Chapin Harry Lyrics

Genre: Rock

Chapin Harry Lyrics - by Popularity

1 The Story Of A Life
2 Sandy
3 All My Lifes A Circle
4 Taxi
5 Mail Order Annie
6 Dancing Boy
7 W O L D
8 Legends Of The Lost And Found
9 The Mayor Of Candor Lied
10 W*o*l*d
11 Shooting Star
12 Sniper
13 Dance Band On The Titanic
14 I Wanna Learn A Love Song
15 Flowers Are Red
16 If My Mary Were Here
17 The Same Sad Singer
18 Better Place To Be
19 Up On A Shelf
20 Poor Damned Fool
21 Sequel
22 Stop Singing These Sad Songs
23 Vacancy
24 The Parade's Still Passing By
25 She Is Always Seventeen
26 Tangled Up Puppet
27 Six String Orchestra
28 You Are The Only Song
29 Any Old Kind Of Day
30 The Rock
31 Caroline
32 Could You Put Your Light On Please?
33 A Better Place To Be
34 Copper
35 Dogtown
36 Sunday Morning Sunshine
37 Circle
38 Corey's Coming
39 Empty
40 The Shortest Story
41 Halfway To Heaven
42 Everybody's Lonely
43 Greyhound
44 Thirty Thousand Pounds Of Bananas
45 Thirty Tousand Pounds Of Bananas
46 Sometime, Somewhere Wife
47 What Made America Famous?
48 Babysitter
49 Woman Child
50 I Miss America
51 Bummer
52 Burning Herself
53 Mr Tanner
54 Dirt Gets Under The Fingernails
55 Barefoot Boy
56 The Day They Closed The Factory Down
57 Dreams Go By
58 And the Baby Never Cries
59 Stranger With The Melodies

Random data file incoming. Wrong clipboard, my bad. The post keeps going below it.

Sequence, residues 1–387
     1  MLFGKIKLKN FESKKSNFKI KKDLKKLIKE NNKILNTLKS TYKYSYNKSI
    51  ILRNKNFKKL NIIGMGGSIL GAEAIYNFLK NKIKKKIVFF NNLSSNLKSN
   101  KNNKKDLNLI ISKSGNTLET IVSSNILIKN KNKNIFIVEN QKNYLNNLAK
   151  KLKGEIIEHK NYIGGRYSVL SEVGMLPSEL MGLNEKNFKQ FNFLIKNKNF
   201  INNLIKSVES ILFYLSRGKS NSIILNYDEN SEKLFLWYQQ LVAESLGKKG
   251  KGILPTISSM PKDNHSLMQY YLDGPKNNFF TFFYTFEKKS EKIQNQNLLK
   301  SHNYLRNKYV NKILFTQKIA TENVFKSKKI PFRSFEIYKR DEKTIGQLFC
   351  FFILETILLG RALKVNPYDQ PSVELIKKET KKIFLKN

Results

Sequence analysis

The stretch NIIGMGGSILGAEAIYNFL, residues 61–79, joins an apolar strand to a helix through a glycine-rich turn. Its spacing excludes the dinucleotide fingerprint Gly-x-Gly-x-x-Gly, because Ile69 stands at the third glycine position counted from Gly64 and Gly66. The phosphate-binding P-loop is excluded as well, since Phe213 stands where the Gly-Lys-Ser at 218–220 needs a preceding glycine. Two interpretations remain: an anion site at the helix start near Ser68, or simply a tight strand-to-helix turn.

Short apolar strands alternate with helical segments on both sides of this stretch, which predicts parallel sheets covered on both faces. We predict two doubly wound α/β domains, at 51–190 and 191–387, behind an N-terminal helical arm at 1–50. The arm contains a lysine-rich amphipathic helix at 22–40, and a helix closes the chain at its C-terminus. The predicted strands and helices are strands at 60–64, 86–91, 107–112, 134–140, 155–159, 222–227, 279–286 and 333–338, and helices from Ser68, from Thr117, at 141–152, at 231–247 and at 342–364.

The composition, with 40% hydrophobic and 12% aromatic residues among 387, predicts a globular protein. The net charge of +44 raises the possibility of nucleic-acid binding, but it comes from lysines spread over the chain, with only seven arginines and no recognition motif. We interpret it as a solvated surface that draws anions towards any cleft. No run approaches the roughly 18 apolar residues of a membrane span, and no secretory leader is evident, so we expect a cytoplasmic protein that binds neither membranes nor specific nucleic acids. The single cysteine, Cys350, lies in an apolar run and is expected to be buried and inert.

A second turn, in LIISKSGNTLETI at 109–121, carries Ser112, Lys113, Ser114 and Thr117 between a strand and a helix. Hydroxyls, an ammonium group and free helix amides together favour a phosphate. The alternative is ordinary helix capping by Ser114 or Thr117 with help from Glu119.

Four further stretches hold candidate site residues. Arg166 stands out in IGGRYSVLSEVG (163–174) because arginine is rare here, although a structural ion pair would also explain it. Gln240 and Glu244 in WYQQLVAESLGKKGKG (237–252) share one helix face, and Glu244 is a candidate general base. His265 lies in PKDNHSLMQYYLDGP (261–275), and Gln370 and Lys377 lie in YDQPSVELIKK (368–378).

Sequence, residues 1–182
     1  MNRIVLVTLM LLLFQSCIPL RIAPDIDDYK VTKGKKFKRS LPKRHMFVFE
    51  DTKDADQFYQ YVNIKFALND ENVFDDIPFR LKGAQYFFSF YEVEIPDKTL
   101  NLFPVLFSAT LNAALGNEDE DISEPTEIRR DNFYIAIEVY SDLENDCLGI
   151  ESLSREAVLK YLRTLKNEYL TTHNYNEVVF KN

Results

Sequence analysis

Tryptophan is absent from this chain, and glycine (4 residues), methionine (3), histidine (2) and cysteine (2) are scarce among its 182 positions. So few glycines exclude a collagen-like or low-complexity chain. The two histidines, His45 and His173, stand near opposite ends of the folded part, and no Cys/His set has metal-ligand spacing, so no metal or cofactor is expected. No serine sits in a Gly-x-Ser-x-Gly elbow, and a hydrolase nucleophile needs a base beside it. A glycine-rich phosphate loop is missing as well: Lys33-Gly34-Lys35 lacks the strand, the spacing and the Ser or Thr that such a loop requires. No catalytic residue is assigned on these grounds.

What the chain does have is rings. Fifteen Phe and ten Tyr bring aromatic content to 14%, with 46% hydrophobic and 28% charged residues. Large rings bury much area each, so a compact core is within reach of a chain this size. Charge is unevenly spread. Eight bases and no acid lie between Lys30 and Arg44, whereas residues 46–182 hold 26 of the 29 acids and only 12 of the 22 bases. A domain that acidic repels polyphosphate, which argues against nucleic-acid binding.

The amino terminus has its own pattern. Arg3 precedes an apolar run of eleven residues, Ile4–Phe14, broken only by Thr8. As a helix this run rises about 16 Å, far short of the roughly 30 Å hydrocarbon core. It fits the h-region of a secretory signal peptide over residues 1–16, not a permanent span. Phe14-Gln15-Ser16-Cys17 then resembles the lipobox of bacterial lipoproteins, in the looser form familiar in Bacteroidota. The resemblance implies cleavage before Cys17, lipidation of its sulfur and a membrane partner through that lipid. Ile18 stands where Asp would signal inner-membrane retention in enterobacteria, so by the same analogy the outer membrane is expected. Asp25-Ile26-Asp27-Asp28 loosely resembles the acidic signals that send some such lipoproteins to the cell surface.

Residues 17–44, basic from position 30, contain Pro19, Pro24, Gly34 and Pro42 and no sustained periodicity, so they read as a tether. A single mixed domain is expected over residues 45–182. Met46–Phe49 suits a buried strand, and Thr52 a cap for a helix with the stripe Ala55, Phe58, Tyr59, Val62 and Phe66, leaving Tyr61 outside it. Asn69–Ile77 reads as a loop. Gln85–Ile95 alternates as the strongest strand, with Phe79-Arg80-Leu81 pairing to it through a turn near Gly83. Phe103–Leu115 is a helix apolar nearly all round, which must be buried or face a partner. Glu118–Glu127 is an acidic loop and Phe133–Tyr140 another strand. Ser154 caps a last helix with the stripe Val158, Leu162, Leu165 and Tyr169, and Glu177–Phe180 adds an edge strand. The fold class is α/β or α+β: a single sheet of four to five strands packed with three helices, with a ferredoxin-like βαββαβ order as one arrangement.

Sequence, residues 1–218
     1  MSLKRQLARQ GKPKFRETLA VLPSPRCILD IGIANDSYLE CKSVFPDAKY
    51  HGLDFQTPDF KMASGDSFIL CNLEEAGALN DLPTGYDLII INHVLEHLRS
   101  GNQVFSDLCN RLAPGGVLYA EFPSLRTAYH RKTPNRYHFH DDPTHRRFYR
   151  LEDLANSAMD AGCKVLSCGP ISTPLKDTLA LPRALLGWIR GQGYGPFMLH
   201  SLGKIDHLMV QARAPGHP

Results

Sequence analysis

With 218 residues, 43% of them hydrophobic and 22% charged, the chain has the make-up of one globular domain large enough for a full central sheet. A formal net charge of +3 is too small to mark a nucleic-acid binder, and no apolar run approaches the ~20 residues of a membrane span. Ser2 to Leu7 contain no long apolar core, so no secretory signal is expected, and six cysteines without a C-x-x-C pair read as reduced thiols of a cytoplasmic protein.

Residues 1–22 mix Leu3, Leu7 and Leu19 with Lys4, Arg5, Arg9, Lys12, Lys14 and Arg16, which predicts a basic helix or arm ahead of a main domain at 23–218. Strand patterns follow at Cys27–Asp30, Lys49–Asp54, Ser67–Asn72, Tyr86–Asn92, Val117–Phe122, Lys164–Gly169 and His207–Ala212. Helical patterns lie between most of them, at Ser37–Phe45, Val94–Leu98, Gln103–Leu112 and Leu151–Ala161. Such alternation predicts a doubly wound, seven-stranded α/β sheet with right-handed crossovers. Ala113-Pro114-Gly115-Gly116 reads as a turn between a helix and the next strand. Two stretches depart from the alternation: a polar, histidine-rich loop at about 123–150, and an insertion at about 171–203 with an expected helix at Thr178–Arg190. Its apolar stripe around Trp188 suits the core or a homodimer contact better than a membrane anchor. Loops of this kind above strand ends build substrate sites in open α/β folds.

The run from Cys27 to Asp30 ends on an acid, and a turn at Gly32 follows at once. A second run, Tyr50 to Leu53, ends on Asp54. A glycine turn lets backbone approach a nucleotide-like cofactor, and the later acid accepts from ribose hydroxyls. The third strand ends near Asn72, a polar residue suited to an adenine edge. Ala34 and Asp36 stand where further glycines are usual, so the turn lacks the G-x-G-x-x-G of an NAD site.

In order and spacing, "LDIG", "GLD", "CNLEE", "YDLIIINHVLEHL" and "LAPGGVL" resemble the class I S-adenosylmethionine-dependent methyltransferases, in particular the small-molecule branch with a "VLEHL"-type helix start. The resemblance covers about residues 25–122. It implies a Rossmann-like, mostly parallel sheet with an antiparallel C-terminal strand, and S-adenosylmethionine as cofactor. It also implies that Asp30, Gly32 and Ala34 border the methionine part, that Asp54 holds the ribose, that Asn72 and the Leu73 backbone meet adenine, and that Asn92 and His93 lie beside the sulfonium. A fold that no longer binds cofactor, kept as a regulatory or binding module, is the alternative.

60 Old College Avenue
61 Cats In The Cradle
62 Winter Song
63 Old Folkie
64 Someone Keeps Calling My Name
65 Cat's in the Cradle
66 There Only Was One Choice
67 On The Road To Kingdom Come
68 Odd Job Man
69 Star Tripper
70 She Sings Songs Without Words

Chapin Harry Bio

Harry Forster Chapin (December 7, 1942 – July 16, 1981) was an American singer-songwriter best known in particular for his folk rock songs including "Taxi", "W*O*L*D", and the number-one hit "Cat's in the Cradle". Chapin was also a dedicated humanitarian who fought to end world hunger; he was a key player in the creation of the Presidential Commission on World Hunger in 1977. In 1987, Chapin was posthumously awarded the Congressional Gold Medal for his humanitarian work.

Chapin was born into a middle-class family in New York City, the second of four children—including future musicians Tom and Steve—born to Jeanne Elspeth (née Burke) and Jim Chapin, who was a musician—a percussionist. He had English ancestry, his great-grandparents having emigrated in the late 19th century. His parents divorced in 1950, with Elspeth retaining custody of their four sons, as Jim spent much of his time on the road as a drummer for Big band era acts such as Woody Herman. She married Films in Review magazine editor Henry Hart a few years later. Chapin's maternal grandfather was literary critic Kenneth Burke.